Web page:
Tomorrow is Election Day in the US, and I for one can’t wait for it to be over. We live in the hotly-contended state of Ohio, where our phones have been ringing with recorded political messages since the summer and the primaries.
After fielding 8-10 calls per day, none of which had a real live person on the other end, I gave up. I turned the ringers off all our phones, set the machine to answer early, and left the following message as our greeting:
You’ve reached the Bennett residence where we’ve turned our ringer off and stopped answering our phone because the only people who call this number are people who are selling something or asking us to vote for them. We don’t make any of those decisions over the phone. If you’re calling for any other reason, leave a message and we’ll get back with you eventually.
Fifteen years ago, I was a student at a conservative Christian college, where people took great pride in finding new and creative ways to put down President Bill Clinton. His bid for re-election was my first presidential election, and I had proudly voted straight-line Republican on my absentee ballot. A year later after his re-election, I was spending long nights in the student newspaper office on the third floor of the arts building. The other editors on staff and I labored over headlines and layouts for that week’s paper and discussed politics of the national and the collegiate. The news was awash with scandals and calls for impeachment, and we joked, as only celibate college students could, about oral sex and interns. Yet, even as I laughed at the idea of an intern hiding under the POTUS’s desk in the Oval Office, I couldn’t help but think about all the doomsday predictions made by Christians during Clinton’s first and second campaigns and how none of those predictions had come true. Sure, he had lived up to his womanizing reputation. But aside from our self-righteous hypocritical conversations about what constituted sexual intercourse (who better than Christian college students to know where the lines are and how to get right up to them without actually crossing?), my life and the nation’s circumstances hadn’t changed.
It was the first time I saw for myself how overwrought and exaggerated political promises, both the golden rainbows promises and the end-of-the-world promises, really were. We were not in a Democratic utopia, but neither were we in a death spiral towards a rock cliff as the Republicans would have us believe.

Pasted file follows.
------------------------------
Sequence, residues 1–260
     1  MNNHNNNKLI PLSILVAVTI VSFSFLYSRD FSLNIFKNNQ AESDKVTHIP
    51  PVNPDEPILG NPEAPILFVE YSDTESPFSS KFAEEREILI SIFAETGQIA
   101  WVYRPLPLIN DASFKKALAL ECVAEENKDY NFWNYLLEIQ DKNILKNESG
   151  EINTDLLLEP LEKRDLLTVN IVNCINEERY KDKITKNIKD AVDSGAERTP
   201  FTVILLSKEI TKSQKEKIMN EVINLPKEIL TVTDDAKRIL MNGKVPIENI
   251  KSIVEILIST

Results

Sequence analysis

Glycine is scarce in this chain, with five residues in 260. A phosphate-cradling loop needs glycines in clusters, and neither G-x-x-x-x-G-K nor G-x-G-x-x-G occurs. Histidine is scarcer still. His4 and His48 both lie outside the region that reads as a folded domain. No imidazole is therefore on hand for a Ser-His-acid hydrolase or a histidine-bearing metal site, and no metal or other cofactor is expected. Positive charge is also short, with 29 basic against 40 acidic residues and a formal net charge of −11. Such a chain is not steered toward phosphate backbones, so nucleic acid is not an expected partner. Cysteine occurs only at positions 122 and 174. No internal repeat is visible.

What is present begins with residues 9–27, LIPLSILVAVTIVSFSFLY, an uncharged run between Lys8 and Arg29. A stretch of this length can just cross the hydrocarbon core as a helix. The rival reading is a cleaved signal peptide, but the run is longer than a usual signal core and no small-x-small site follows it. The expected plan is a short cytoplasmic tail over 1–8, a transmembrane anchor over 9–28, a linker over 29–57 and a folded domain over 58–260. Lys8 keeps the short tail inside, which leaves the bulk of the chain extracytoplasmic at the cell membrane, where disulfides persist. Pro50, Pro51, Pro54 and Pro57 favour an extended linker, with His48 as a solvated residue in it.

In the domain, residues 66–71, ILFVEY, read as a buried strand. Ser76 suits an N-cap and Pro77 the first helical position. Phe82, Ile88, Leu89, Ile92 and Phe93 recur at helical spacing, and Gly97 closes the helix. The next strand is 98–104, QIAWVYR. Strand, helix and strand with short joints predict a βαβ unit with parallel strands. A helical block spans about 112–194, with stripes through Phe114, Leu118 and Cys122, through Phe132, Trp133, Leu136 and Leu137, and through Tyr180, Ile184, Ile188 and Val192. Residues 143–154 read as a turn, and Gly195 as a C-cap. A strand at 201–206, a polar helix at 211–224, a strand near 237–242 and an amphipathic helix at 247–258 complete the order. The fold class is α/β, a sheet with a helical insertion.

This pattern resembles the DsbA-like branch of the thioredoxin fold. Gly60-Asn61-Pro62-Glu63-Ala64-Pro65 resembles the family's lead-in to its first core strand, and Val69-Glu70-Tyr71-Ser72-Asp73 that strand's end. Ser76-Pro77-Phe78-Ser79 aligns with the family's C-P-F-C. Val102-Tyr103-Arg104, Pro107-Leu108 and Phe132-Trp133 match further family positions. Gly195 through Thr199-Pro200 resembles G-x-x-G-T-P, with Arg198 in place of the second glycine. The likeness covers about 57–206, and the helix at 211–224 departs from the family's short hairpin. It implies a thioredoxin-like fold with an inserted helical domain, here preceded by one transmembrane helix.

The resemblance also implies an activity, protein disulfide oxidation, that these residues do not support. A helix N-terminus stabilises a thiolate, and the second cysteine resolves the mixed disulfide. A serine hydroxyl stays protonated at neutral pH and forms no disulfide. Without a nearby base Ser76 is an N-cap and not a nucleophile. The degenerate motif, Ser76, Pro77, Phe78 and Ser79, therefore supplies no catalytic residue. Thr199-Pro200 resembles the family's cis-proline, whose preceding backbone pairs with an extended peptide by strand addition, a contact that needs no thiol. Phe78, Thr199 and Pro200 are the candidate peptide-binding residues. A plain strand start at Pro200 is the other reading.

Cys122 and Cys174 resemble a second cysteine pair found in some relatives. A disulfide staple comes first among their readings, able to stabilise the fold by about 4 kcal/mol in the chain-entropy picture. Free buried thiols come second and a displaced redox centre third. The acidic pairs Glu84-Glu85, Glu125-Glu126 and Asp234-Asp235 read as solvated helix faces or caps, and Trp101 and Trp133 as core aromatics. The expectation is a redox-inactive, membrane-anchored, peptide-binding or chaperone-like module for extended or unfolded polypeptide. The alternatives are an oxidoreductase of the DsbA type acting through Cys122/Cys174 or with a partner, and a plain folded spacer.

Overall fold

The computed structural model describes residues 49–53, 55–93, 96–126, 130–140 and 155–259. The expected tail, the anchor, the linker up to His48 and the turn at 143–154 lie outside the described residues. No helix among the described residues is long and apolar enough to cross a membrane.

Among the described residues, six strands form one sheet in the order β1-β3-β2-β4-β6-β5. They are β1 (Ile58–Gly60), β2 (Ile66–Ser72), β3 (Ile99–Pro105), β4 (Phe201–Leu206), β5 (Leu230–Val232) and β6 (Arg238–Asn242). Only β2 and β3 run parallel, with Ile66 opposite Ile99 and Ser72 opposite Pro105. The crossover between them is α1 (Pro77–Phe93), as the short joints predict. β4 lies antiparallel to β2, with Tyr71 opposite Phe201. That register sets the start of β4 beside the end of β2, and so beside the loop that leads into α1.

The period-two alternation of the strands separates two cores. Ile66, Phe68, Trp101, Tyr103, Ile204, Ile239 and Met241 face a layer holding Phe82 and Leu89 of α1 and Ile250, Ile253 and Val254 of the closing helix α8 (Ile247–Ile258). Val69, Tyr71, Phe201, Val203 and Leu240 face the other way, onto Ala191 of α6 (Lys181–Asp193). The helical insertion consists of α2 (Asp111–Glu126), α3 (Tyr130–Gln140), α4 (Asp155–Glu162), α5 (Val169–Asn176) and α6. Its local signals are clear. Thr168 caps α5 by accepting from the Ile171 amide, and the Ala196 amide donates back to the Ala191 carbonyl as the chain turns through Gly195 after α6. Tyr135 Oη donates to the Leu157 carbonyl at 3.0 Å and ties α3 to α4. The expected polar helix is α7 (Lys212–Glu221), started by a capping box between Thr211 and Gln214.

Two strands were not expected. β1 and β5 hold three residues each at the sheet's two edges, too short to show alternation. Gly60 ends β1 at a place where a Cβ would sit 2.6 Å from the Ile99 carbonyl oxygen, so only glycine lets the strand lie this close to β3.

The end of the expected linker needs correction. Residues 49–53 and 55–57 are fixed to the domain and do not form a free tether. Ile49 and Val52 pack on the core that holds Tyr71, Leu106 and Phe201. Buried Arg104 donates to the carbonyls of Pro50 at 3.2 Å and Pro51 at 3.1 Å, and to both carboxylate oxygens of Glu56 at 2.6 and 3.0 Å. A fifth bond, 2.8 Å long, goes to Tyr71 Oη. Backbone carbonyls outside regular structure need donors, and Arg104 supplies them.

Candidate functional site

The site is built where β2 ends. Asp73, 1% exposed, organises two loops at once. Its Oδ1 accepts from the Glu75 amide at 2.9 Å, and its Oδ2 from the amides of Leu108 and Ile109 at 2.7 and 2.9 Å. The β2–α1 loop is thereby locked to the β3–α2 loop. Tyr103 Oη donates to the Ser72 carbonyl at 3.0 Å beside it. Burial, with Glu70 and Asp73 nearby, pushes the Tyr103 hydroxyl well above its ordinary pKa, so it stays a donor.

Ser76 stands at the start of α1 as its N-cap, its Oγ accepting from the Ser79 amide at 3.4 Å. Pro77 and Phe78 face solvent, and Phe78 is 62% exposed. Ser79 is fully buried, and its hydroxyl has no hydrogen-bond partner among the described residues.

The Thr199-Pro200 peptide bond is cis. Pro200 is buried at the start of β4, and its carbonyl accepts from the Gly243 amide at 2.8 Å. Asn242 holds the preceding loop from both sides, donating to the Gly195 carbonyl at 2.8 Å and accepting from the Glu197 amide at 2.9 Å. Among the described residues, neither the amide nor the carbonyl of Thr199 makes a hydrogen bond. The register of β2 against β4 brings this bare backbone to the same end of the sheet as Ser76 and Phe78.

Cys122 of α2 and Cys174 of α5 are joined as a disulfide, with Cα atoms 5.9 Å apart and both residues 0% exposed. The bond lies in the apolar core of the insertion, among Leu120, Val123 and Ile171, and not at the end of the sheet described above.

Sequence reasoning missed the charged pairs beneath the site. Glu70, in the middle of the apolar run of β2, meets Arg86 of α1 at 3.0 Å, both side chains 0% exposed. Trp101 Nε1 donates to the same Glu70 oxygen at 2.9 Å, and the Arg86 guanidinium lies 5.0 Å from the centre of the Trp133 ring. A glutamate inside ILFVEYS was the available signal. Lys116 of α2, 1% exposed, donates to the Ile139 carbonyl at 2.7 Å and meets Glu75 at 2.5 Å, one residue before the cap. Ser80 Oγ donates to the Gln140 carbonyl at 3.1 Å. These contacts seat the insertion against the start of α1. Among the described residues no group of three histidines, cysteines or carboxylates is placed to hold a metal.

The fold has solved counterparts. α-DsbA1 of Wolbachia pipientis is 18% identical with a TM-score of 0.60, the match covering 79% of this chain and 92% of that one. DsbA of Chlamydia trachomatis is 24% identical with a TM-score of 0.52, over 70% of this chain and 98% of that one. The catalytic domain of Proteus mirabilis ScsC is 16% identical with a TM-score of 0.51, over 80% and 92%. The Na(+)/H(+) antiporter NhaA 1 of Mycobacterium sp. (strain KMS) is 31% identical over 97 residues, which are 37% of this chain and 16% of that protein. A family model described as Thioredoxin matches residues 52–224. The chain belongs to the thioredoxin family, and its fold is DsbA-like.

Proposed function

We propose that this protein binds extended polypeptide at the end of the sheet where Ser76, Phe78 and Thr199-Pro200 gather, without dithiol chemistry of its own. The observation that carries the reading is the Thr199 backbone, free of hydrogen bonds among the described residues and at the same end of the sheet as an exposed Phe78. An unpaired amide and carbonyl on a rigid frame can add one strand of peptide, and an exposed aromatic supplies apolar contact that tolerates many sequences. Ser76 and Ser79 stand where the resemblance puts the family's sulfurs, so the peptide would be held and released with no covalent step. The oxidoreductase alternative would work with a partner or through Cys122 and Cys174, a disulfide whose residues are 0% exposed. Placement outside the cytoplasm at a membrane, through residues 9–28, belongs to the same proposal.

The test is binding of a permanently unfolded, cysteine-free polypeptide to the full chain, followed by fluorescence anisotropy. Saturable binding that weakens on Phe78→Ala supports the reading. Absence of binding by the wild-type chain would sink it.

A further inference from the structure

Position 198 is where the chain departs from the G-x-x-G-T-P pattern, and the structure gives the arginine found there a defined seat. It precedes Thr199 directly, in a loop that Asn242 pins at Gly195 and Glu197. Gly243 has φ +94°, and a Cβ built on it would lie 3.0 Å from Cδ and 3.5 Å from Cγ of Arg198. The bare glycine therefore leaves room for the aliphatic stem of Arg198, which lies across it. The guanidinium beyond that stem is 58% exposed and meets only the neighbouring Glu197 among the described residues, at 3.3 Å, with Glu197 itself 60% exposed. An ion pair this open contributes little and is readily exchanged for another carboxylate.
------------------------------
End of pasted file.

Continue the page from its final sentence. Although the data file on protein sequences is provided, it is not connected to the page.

I think of those days whenever I summon the courage to listen in on today’s political dialogue. I can only manage small doses, but I can’t help but wonder if the people talking really believe what they are saying. It would be laughable if it weren’t so destructive. Do they really demonize the other side? Do they know people who hold opposing views, and if so, how is that relationship? I have dear friends who affiliate with both major parties and plenty of the minor ones. My friends are more important to me than political candidates and who wins and who loses elections.
My husband and I had dinner with my parents the other night, and we got to talking about how God enters our messy stories and does big things with small people. The genealogy of Jesus in Matthew 1 is quite the cast of characters, full of scandal and rebellion and deception and intrigue as bad or worse than any we’ve seen in modern day America. Then my dad pointed out something about the story of Ruth.
Have you ever noticed where in Israel’s history the story of Ruth and Boaz takes place? It’s in the middle of the book of Judges, when Israel is making a bloody mess and clamoring for a king to fix it all. (Sound familiar? It does to me!) The big picture is dismal, tragic, and chaotic. But in a tiny town named Bethlehem, one righteous man and one foreigner who chooses to follow Jehovah come together, and they are the great great grandparents of King David, who is in Jesus’ lineage. I love this story. This is what God specializes in – working big things out of small people doing the right thing in a small place, out of the limelight and ignored by everyone of consequence. Stories like this give me hope in the face of the ugliness, the increasing bitterness, and the chaos in our country.
I am under no illusions about the results of the election tomorrow. If my candidate wins, I know we won’t all ride off into happily-ever-after. And if the other candidate wins, I know our country won’t break off the face the earth and plunge into Hades. I will keep trying to make things just a little bit better in my home and in my community, the same way I do now. My everyday life won’t change. Except for my phone, which will finally stop ringing.